My research spans a variety of disciplines and has no political or cultural boundaries. Throughout my undergraduate education, I took courses that required me to think critically about problems and place them in a global or broad context. With this background, I traveled to Germany between my sophomore and junior years to combine a study abroad and research experience as an undergrad. I applied to the Fulbright program to conduct research abroad and work with other scientists to gain a broader, global perspective of my research. I hope that these experiences will help me continue evolving as a global-thinking researcher, trained to reach across disciplinary or social boundaries and stimulate interdisciplinary collaboration.
3. What tips would you give others seeking funding for graduate studies in science and engineering?
I would suggest that you start the fellowship search early and gain research experience as an undergrad, if graduate school is a goal. For example, the NSF Research Experience for Undergraduates (REU) program is a great way to see if research and graduate level study are right for you. In addition, working with a professor in his or her lab is a great way to get your feet wet in research. Once you’ve accomplished these things, you will have a good foundation for developing a research plan and getting a great letter of recommendation for these fellowships. It is important to note that you are not required to do what you propose in your research plan. Things happen – things change. As I mentioned, NSF and other funding agencies want to see that the people they are funding have the potential to be great scientists and leaders in their field. These types of people are usually able to communicate their research to a broad audience, as well as to their own in their field, as well as conduct sound research.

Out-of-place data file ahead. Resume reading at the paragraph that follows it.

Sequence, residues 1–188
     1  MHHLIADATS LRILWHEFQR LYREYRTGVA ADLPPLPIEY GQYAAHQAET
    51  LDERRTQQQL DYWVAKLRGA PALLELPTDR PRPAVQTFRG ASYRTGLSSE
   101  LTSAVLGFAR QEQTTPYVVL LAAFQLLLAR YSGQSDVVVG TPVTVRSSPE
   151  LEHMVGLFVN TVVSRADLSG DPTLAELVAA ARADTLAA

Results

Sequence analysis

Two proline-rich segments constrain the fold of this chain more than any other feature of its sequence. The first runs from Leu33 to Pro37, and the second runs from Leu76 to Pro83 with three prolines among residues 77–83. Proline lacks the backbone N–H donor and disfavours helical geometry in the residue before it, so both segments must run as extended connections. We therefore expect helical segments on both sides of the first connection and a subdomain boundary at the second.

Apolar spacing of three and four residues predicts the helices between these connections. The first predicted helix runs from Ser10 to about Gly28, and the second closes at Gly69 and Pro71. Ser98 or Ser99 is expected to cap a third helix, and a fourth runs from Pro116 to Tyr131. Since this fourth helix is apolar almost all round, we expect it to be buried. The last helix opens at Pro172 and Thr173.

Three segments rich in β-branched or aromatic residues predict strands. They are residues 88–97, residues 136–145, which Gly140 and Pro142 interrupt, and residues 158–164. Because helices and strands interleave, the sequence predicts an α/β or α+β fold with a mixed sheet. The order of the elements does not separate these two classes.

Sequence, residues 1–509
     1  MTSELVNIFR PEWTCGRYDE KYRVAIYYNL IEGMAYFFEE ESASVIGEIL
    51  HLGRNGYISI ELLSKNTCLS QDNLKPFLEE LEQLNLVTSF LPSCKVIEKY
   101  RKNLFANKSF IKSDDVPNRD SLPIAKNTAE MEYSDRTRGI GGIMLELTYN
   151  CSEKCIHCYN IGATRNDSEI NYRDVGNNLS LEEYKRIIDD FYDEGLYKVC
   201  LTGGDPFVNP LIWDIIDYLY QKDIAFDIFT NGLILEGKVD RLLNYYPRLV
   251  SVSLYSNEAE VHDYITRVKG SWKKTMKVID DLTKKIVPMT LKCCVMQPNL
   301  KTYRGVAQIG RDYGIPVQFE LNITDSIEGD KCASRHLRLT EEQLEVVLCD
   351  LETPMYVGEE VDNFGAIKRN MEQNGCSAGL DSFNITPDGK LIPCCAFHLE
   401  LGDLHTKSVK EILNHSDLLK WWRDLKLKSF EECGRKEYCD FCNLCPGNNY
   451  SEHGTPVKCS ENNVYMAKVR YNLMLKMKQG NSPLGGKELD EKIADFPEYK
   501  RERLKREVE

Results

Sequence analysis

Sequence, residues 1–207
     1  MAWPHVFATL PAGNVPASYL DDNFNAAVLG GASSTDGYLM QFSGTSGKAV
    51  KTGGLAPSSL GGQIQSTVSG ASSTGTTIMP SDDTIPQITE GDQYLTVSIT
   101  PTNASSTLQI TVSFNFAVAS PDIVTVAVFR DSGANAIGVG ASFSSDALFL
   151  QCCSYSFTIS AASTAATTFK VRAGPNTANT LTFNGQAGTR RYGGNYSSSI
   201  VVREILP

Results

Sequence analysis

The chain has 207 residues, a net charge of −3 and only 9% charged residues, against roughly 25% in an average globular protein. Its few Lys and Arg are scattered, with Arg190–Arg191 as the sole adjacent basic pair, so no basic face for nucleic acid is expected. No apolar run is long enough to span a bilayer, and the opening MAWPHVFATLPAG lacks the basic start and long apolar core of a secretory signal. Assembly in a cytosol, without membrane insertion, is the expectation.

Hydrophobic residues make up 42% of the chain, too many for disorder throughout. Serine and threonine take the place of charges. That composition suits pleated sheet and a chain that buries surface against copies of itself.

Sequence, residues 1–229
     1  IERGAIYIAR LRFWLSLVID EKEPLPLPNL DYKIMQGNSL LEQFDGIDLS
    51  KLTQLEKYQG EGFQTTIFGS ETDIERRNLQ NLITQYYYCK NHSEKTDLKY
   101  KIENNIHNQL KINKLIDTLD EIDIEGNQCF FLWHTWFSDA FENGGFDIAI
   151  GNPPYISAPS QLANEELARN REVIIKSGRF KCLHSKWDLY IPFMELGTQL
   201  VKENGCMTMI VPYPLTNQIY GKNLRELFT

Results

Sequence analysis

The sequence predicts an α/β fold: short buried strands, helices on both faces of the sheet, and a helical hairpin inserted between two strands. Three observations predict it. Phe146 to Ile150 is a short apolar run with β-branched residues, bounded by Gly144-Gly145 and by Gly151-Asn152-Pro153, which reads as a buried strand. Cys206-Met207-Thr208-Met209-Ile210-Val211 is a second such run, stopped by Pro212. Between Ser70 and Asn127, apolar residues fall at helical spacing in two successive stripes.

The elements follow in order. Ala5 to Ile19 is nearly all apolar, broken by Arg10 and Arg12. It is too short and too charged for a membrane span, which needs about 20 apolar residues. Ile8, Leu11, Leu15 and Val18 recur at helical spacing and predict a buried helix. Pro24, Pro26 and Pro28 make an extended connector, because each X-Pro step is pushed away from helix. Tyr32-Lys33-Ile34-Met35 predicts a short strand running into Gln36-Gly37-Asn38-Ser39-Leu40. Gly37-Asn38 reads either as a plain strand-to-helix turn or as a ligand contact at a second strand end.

In addition to being a ProFellow, Julian is an avid runner. He started running while in graduate school in 2010 and completed his first marathon in April 2012 in Bonn, Germany, finishing in just 3 hours and 10 minutes. His other hobbies include baking delicious sweets and breads and eating chocolate. He considers himself a “Naschkatze” and has a love for Haribo and RitterSport Chocolates. To learn more about Julian and his research interests please visit his website. Julian also manages a resources page for graduate school applications and fellowships, which you can check out here.
© Victoria Johnson 2012, all rights reserved.